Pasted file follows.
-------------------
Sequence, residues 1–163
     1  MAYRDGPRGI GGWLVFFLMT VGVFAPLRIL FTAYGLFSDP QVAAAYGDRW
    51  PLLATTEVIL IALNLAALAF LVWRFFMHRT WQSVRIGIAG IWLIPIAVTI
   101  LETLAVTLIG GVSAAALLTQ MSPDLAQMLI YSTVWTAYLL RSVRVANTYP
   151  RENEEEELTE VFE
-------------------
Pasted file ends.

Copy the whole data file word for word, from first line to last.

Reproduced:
Sequence, residues 1–163
     1  MAYRDGPRGI GGWLVFFLMT VGVFAPLRIL FTAYGLFSDP QVAAAYGDRW
    51  PLLATTEVIL IALNLAALAF LVWRFFMHRT WQSVRIGIAG IWLIPIAVTI
   101  LETLAVTLIG GVSAAALLTQ MSPDLAQMLI YSTVWTAYLL RSVRVANTYP
   151  RENEEEELTE VFE